Chef's Table: With Gastón Riveira
At 13, Gaston humbly started as a dishwasher in a restaurant in Buenos Aires. All because his father had the idea of letting him work as a dishwasher for him to regret his dream of becoming a chef and become a lawyer instead. But Gaston's early childhood was all about cooking, a penchance that he got from his grandparents.
Nevertheless he still pursued studying cooking after he finished secondary school. He entered the school of Alicia Berger and in parallel worked in different restaurants and hotels. Then he traveled to Europe, studied in Lenotre, France, and did internships in Italy, London and San Pablo, and with Alex Atala, in Brazil.
Until in 2002, in the midst of the social economic crisis in the country, he decided to set up a grill. "Meat is the national ingredient, what everyone likes,” he says. “I wanted it [the grill] to be an impeccable place where all the world could eat well and have a better time. I knew that for it to work, I had to have a good team and I, to be present, because a restaurant can not be operated by remote control."
T.Dining: What inspires you both in and out of the kitchen?
Gastón Riveira: The most important thing is the passion I have for food
T.Dining: What do you cook for yourself when you are at home?
GR: I like to go to a market that I have near my house and I look for the fresh fish of the day and I do it with grilled vegetables with wok or steam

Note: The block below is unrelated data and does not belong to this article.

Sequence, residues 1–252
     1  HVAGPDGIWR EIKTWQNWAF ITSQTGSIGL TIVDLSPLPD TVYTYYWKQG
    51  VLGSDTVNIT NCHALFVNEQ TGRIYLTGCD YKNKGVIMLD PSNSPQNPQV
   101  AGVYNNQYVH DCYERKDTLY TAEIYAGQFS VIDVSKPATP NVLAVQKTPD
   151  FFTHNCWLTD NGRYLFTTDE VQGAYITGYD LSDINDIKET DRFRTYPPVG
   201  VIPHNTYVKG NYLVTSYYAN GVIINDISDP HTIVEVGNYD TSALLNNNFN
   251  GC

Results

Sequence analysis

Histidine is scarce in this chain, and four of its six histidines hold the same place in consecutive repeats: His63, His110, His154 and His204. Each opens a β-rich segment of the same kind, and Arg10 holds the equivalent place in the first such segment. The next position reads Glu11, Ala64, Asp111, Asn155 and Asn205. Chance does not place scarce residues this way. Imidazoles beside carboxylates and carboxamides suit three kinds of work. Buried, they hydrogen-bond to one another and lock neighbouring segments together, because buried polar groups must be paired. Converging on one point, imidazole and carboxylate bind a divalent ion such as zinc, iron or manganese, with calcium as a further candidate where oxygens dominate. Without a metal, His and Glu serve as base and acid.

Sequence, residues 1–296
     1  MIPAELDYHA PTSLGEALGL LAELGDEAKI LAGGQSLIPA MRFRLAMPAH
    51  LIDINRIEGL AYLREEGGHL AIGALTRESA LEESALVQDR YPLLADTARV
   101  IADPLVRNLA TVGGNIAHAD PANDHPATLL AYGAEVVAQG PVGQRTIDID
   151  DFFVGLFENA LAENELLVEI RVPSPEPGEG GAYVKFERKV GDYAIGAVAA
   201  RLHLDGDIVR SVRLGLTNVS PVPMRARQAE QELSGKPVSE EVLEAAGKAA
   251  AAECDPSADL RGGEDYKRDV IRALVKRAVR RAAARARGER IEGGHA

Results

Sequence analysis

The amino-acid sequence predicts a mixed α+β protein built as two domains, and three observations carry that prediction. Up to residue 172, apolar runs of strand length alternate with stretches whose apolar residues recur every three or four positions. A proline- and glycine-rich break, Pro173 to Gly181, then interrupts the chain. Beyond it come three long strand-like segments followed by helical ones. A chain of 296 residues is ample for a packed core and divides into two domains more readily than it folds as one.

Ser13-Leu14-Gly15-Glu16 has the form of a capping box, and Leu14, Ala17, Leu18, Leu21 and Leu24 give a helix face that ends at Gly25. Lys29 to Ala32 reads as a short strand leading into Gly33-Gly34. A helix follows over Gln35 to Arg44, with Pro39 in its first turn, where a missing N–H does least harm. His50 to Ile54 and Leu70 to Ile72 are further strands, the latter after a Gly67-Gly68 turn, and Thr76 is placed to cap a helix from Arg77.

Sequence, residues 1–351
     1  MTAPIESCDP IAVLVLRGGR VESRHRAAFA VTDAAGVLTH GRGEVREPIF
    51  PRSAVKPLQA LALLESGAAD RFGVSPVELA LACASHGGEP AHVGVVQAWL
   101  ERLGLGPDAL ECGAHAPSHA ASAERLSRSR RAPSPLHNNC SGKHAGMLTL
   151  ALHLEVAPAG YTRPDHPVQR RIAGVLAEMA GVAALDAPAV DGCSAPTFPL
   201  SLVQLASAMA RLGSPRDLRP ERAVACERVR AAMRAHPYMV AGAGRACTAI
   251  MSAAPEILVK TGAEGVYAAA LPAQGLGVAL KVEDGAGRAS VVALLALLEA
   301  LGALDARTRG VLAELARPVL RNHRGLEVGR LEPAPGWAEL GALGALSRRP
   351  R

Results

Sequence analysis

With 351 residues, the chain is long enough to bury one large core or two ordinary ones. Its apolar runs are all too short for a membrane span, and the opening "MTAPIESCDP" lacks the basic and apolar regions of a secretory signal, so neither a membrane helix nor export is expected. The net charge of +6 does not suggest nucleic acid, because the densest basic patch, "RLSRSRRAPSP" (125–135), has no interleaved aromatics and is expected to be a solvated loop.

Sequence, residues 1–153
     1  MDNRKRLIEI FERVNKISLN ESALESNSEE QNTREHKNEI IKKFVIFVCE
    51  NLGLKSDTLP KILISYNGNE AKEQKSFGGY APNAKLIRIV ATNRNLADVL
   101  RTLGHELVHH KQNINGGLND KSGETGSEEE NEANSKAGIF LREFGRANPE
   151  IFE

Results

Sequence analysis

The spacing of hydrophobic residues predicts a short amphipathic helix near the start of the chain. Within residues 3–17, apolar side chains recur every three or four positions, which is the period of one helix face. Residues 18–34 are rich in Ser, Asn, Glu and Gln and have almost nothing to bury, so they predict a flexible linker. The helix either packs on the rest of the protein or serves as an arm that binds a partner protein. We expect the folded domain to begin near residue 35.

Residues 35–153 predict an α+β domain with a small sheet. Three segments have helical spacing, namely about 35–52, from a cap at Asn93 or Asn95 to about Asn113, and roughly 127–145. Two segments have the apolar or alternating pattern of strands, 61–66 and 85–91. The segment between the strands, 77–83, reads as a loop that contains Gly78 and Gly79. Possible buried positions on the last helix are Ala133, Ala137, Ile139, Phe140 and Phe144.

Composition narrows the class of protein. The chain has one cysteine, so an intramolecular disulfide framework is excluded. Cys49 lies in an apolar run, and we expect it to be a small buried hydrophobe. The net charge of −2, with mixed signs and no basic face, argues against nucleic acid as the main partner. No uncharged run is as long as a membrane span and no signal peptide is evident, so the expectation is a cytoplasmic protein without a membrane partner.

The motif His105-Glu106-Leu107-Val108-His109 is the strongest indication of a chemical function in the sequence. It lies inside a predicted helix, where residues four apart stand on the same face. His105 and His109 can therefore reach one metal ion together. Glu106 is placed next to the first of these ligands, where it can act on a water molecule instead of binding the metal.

T.Dining: What challenges have you encountered in the F&B industry that have made an impact on you?
GR: Maintain excellence in the menu, environment and service, despite economic changes and other circumstances
T.Dining: How do you see Argentinian cuisine evolving over the next few years?
GR: There are very good chefs luckily with great ideas. Sometimes all the products do not arrive, but the Argentine cook is very well trained technically and the most important thing that a cook has is cooking techniques--the more you know, the better.
T.Dining: What influenced you to become a part of the culinary world? What is it that you love about food?
GR: I like to eat (laughs)... as a boy I always helped my grandparents to cook. At the age of 13 my father took me to the restaurant of a friend of his. There I began to do tasks in the laundry sector. Ever since I studied and trained, I fell in love with this beautiful profession. I like everything about food: from what symbolises a meal to the simplicity of the preparation, but one kitchen to share.
T.Dining: Do you have any other projects you are working on?
GR: The project is always the same trying to be better than I was the day before. It is also to try to open a cabrera in every city in the world.
T.Dining: Could you share the way your steaks are prepared? What is so special about it that has made it the best in South America?
GR: The most important trick is love and passion. Then at a technical level we use grill with round irons, 15cm from the floor of the grill. We mix coal and firewood. And we cook with a very strong fire, we consider that it is the only way that the flavour does not escape. Today I think we are the best restaurant on the street, our goal is to be the best in the world.
Read more about Chef Gastón Riveira's recent visit in Manila